WIT Press


Aspects Regarding The Heat Transfer In Furnaces For Rolling Mills

Price

Free (open access)

Paper DOI

10.2495/HT020271

Volume

35

Pages

10

Published

2002

Size

424 kb

Author(s)

D Constantinescu & I Tone

Abstract

From the very beginning we have to state an important difference which exists between various types of continuous operating furnaces: while in the pusher-type furnace the billets can be disposed only one near tie other, without free spaces between them, the walking-beam furnace or the rotary hearth furnace allow the disposal of the billets at the required distances. Modifying this distance there is the possibility of acting upon the stationary time [l] of the billets in the furnace, upon temperature distribution in the billets section. Considering, for the beginning, that the thermal flow is received only by the billet upper face - it is important to establish the necessary time for transmitting the heat through conductivity to the billet lower surface. It is therefore appearing a ‘‘difference time” until reaching the same temperature value on both sides. The curve representing the cold surface temperature variation in relation with billet position in the furnace, can be obtained from tie curve representing the cold surface temperature variation at a distance which corresponds to the metallic material quantity passing through the furnace in a time unit, multiplied with billet thickness [2], [3], (figure 1). Four real heating situations in a walking-beam furnace are presented in figure 1. Heating zone length suitable to the interval BA is noted with ”lc”, corresponding to the time to increase the billet center temperature to the surface temperature. l , = B C = n . e = K . e . P (1) e: thickness of square section of the billet P: furnace productivity K: factor established on the heating duration and material’s parameters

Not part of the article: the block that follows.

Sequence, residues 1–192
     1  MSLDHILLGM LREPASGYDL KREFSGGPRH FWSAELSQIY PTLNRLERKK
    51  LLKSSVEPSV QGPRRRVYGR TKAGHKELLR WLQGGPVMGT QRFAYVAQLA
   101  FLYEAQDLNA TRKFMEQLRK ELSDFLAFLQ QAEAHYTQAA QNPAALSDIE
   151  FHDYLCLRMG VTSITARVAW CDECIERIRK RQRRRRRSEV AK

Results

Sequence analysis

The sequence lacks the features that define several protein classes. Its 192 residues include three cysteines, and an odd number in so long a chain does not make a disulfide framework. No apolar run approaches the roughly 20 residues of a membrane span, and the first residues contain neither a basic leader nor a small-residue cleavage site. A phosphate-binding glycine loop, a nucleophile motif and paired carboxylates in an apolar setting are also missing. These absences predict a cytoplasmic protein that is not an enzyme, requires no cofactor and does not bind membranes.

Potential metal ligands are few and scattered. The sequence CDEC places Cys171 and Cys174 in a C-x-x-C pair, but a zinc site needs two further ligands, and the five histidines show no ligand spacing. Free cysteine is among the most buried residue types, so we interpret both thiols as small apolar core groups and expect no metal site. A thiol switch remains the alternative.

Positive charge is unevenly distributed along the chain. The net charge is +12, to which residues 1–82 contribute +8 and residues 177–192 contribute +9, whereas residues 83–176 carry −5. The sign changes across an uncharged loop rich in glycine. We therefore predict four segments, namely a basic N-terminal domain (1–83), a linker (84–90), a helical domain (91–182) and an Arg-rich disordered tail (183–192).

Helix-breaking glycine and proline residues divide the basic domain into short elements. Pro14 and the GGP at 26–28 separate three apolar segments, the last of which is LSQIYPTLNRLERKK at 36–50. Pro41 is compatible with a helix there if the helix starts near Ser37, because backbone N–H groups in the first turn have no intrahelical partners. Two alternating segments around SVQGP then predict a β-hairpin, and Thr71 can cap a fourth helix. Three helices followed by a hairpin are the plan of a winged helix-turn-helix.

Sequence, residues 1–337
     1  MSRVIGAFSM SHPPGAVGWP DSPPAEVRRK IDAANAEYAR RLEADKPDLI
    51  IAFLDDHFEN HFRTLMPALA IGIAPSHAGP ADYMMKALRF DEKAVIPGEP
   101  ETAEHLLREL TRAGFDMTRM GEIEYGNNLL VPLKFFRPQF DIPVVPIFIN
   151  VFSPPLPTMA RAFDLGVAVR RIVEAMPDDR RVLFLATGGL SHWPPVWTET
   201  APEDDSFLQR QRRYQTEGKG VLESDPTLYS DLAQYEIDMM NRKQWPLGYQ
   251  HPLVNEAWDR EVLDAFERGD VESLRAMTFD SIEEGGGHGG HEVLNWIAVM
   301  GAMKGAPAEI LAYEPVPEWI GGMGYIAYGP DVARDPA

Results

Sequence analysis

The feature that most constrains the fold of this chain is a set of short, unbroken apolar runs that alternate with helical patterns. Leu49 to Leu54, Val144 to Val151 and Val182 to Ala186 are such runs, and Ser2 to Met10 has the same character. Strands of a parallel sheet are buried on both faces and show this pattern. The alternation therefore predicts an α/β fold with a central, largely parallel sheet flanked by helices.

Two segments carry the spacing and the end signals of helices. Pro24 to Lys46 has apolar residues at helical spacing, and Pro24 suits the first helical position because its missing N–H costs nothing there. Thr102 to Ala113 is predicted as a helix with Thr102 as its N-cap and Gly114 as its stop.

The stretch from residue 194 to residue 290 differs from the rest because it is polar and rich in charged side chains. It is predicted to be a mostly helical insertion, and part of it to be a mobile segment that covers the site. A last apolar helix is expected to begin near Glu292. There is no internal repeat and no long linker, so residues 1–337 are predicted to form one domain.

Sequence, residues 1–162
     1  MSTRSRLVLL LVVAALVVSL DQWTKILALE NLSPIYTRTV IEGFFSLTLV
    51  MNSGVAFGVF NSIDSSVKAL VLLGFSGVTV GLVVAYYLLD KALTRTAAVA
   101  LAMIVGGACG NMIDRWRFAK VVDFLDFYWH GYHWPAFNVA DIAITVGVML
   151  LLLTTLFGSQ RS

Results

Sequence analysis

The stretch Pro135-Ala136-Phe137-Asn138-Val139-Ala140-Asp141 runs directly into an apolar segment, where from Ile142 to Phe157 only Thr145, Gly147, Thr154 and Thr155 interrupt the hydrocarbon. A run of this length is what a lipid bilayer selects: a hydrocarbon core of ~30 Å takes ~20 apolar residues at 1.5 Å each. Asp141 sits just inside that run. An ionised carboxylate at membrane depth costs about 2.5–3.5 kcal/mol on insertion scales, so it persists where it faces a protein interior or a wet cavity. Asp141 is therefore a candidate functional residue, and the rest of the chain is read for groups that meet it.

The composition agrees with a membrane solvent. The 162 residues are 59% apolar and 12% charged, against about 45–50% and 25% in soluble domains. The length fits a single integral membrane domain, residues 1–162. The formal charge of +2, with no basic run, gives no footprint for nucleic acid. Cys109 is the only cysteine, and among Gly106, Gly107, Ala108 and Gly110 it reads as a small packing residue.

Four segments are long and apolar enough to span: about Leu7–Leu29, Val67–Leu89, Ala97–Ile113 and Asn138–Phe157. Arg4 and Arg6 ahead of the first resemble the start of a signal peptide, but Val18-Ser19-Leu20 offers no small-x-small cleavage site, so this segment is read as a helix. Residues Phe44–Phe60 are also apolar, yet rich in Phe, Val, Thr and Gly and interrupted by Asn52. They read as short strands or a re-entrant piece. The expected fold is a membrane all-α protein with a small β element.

Keywords